“That is a tension that you hold as the Black community here in Springfield,” Rev. Tracey Wolff, pastor at Pitts Chapel, told the Daily Citizen at the time. “The tension is, ‘What’s going to happen next?’ And that’s real.”

People gather outside Pitts Chapel United Methodist Church in Springfield on May 27, 2022. (Photo by Rance Burger)

The Springfield metro area’s population is changing. Greene County’s population grew by almost 24,000 people in the past decade, according to the census. The net gain was made up entirely by people of color. The white population fell by 122 people.

Taj Suleyman, the City of Springfield’s director of diversity, equity and inclusion, says the community should think of our changing demographics differently.

“Think of all the ingredients in a salad — so many different things to enjoy,” Suleyman says. “We talk about diversity as a melting pot. But you wouldn’t melt a salad. That’s the difference between assimilation and integration.”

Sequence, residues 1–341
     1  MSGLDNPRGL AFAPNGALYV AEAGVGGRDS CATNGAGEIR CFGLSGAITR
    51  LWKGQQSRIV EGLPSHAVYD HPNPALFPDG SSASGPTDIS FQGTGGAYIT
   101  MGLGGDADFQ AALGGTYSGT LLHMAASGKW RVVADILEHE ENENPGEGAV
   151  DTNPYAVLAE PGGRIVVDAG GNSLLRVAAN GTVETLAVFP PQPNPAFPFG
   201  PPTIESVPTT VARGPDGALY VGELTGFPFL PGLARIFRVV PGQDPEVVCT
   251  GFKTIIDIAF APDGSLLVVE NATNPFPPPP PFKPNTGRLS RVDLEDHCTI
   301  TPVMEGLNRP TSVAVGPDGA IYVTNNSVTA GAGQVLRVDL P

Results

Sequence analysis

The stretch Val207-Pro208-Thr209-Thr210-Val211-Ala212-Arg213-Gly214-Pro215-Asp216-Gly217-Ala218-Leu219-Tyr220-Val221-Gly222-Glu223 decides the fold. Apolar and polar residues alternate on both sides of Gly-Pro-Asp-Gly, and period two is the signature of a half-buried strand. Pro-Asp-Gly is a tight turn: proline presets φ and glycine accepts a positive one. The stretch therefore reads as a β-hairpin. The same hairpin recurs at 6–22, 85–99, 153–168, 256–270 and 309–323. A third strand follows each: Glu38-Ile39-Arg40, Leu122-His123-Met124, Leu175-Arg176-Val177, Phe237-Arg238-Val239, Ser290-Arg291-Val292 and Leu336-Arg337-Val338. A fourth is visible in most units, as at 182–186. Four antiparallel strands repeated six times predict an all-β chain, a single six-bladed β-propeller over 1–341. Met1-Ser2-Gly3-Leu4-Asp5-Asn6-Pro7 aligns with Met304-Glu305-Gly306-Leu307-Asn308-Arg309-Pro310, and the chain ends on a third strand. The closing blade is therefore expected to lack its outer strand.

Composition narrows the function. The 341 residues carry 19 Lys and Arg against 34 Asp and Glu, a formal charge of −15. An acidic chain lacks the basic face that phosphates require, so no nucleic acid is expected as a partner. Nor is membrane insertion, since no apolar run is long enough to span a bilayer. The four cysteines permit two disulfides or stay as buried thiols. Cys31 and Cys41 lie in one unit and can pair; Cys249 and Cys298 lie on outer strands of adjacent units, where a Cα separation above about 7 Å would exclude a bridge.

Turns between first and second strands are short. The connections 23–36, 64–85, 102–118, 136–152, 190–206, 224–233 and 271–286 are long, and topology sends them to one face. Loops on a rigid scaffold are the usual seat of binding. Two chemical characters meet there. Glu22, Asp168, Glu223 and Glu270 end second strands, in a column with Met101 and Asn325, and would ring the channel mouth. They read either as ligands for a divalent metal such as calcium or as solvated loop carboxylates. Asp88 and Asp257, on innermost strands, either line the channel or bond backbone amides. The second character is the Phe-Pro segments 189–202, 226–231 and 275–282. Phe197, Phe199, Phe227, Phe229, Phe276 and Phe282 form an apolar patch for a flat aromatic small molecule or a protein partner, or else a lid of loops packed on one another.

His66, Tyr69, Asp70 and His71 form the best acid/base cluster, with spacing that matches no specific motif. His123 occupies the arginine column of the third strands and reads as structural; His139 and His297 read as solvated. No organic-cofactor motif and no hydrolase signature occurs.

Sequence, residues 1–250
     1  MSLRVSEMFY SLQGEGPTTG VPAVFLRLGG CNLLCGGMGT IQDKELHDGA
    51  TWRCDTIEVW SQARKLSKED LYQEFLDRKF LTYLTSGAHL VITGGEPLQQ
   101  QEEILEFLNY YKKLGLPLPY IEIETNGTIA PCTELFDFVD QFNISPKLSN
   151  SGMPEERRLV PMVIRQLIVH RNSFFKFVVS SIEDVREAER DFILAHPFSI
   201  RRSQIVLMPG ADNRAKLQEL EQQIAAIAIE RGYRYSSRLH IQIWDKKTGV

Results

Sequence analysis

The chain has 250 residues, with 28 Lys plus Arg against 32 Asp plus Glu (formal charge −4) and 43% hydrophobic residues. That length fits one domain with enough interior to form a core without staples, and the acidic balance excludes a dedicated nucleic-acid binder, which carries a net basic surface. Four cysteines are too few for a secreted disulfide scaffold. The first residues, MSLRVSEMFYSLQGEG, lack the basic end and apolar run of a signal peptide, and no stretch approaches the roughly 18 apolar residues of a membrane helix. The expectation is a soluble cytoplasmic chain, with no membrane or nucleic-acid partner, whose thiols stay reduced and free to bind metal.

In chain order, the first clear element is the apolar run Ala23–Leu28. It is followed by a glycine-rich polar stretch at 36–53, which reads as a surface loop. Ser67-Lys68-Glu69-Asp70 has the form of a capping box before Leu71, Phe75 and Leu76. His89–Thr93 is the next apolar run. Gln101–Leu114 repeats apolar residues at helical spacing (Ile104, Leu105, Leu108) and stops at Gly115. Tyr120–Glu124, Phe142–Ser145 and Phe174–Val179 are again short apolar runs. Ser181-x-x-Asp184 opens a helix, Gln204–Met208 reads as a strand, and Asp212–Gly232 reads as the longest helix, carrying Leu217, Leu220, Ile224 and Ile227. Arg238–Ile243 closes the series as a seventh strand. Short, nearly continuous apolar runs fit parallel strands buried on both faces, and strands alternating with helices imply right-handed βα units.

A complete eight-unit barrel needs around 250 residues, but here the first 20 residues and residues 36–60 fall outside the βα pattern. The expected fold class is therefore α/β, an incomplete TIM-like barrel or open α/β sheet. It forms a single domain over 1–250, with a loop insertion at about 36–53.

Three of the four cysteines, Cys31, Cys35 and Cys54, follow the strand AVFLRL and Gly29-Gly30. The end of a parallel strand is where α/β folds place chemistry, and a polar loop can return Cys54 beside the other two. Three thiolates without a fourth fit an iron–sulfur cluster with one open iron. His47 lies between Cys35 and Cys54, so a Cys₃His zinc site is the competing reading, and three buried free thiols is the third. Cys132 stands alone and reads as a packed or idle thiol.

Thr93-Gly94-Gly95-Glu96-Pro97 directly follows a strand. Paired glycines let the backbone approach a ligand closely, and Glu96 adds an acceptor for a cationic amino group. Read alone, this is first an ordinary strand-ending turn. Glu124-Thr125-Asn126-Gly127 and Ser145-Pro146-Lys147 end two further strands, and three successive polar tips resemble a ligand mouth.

Celebrate the differences and recognize they already exist; 90 languages are spoken in Springfield every day, and that number will only grow with time.

If Springfield shakes off its assorted fears. If it’s willing to do more than talk and make plans.

“It’s a challenge to balance the naysayers,” says Whitman, the city planner. “But all input is good input. This is a city of 180,000 people at night, growing to 250,000 during the day. Not everybody can be 100 percent happy all of the time. But we welcome the different perspectives. This is important. The city only does this every 20 years and we want to get it right.”

“Change is hard and uncomfortable and nobody wants to fail,” adds Buchbinder. “I definitely can empathize with the hesitation, but we are not building the Springfield for ourselves. We’re making the changes for our kids, their kids … there may be growing pains, but the days of operating out of fear are over. If we want to see big change for our community, we have to take big leaps with the understanding and support that we may trip up from time to time.”

Gary Bedell isn’t tripping about tripping up. He’s ready for the big leaps. “We need the future, now,” he says. “Because we have a lot of catching up to do.”

Ron Davis

Ron Davis is a writer and raconteur who lives in Springfield. When he’s not typing he’s usually listening to music and reading about ways to keep cats off the keyboard. Follow him on Twitter @thisisrondavis and on Instagram @rondavis or email him at: rondavis@me.com More by Ron Davis